Opponents to the HS2 scheme had appealed seven of the nine grounds for challenge previously rejected by the High Court in March, but were unsuccessful on all counts. The Department for Transport (DfT) has taken action to rectify the one challenge allowed by the High Court, by agreeing to consult further on compensation for those affected by the project.
Infrastructure law expert Patrick Twist of Pinsent Masons, the law firm behind Out-Law.com, said that although the campaigners had been given permission to appeal three of the points still further, to the Supreme Court, "another hurdle" had been cleared by the new rail line.
"The HS2 Action Alliance have said they will appeal but, given the comprehensive nature of the rejections in the High Court and now in the Court of Appeal, the Transport Secretary will have moved judicial review challenge well down the project's risk register," he said.
"The next and most important step is the Hybrid Bill. This presents considerable timetabling challenges but, contrary to pessimistic forecasts, HS2 Ltd remains confident that the draft bill will be laid before Parliament on schedule in November. That is where the real challenge will occur, but despite some siren voices, the leadership of all three main parties remains firmly committed to HS2," he said.
"It's a long time until 2026, when the first trains are due to run, but HS2 continues to gather speed and nothing has happened to suggest that those trains won't arrive on time," he said.
Protest groups HS2 Action Alliance (HS2AA), the '51m' group of local authorities affected by the scheme and Heathrow Hub challenged the lawfulness of the £42.6 billion intra-city rail project on various grounds. These included environmental concerns, lack of consultation and inadequate compensation arrangements.
In its ruling, the Court of Appeal agreed with the High Court's previous decision that it was lawful for the Government to choose to rule out upgrading the existing network as a credible alternative to HS2. It also agreed that its approach to consultation on the principle of the new line and the first phase of the route, and on environmental and equalities assessments, had all been carried out fairly and lawfully.
However Lord Justice Sullivan disagreed with the other two judges that an environmental assessment was not required under the EU's Strategic Environmental Assessment Directive (SEAD) given the structure of the project. He said that the approach the Government had used to plan and set the framework for the project had left "a gap in strategic environmental protection". Referring to previous EU case law, he said that the SEAD requirements "should be interpreted broadly and, so far as possible, in a way which will promote the objectives of the Directive".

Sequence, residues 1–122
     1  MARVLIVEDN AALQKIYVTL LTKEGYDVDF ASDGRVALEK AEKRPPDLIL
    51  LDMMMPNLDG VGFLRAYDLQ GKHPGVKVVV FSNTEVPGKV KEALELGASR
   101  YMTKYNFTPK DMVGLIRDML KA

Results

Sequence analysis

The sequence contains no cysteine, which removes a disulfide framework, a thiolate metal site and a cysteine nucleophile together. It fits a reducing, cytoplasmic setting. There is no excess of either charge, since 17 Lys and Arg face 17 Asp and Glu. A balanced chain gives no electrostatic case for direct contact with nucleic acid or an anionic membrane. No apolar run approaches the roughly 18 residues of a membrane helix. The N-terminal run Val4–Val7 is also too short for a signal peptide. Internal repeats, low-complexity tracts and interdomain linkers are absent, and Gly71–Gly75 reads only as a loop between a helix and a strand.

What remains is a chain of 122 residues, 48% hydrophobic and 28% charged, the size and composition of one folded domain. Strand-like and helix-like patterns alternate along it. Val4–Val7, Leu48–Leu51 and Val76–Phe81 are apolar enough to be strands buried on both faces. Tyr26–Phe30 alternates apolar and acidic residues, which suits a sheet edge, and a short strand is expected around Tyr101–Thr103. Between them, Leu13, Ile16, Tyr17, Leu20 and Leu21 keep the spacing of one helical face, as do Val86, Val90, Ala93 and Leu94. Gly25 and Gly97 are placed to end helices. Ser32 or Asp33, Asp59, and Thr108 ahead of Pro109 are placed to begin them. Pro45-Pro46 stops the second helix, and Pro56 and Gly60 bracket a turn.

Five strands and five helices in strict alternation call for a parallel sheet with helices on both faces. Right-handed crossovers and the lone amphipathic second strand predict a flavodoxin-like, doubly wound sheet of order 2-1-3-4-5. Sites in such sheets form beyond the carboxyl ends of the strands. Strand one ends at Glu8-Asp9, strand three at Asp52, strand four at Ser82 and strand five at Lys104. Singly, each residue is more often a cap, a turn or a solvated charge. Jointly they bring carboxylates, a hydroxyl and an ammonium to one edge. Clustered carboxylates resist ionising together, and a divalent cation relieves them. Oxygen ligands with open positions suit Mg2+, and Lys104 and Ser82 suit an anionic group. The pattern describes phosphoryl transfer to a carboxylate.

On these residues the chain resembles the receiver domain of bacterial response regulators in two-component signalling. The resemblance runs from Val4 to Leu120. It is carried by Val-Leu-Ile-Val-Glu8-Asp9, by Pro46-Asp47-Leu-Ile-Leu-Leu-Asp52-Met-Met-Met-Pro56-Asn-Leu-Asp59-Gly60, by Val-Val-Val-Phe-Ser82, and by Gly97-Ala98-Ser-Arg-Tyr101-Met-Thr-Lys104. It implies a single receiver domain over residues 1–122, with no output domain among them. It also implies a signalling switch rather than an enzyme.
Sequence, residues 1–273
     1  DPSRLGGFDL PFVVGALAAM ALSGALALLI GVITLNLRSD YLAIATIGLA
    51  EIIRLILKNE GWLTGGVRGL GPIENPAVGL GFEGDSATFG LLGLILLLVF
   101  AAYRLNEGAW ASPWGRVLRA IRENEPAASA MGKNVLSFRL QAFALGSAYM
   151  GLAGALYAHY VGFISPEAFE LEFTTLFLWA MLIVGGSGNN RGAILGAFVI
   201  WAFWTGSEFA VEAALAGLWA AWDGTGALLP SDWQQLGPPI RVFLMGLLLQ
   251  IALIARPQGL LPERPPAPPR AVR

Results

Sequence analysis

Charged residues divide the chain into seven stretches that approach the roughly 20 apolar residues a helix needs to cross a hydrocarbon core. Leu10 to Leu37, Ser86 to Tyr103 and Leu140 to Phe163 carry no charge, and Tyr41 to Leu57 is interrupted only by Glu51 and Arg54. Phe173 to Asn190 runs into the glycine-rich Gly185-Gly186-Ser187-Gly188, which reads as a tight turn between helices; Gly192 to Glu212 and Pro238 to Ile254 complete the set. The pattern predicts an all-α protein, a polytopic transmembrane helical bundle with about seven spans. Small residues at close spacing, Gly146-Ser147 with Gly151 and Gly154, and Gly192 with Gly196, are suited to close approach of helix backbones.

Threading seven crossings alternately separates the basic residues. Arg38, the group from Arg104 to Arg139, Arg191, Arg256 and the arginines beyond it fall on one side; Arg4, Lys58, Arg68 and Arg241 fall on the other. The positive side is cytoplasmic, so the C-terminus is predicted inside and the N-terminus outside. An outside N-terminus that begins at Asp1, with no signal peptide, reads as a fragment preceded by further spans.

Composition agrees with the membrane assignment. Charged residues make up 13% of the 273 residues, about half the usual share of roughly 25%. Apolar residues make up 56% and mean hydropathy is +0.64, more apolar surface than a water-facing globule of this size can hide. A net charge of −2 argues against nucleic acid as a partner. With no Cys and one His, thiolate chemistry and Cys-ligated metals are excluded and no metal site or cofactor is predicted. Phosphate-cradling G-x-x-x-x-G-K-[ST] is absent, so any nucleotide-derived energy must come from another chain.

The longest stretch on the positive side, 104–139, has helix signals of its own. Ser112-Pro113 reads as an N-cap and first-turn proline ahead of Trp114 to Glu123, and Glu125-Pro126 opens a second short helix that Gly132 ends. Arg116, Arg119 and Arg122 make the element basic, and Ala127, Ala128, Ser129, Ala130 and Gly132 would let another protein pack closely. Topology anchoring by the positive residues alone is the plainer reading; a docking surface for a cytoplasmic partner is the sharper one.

"If, as I have concluded, an SEA is required and there has not been substantial compliance with SEAD, it would be difficult to think of a more egregious breach of the Directive given the scale of the HS2 project and the likely extent of its effects on the environment," he said.
HS2AA said that it would appeal this point to the Supreme Court. However Simon Burns, Minister for High Speed Rail, urged opponents of the scheme "not to waste any more taxpayers' money on expensive litigation".
"By dismissing all seven grounds of appeal and declining to refer the case to Europe, this is the second time in four months a court has rejected attempts to derail HS2," he said. "Parliament is the right place to debate the merits of HS2, not the law courts, and we will introduce the hybrid bill for phase one before the year is out."
The initial London to Birmingham phase of the 250 miles per hour rail link is scheduled for completion in 2026 and will cut journey times between the two cities to 45 minutes, according to the Government. A proposed second phase of the project envisages the construction of an onward 'y network' connecting the line to Manchester and Leeds, as well as a spur to Heathrow Airport, by 2033.
New legislation which will allow development to begin in 2017 will be introduced to Parliament later this year, following the announcement of the High Speed Rail (Preparation) Bill as part of the Queen's Speech. If approved, the Bill would allow for quicker construction and design expenditure. It would also give Parliamentary authority for ecological surveys and other preparatory work to take place, and allow for compensation payments to property owners living along the route.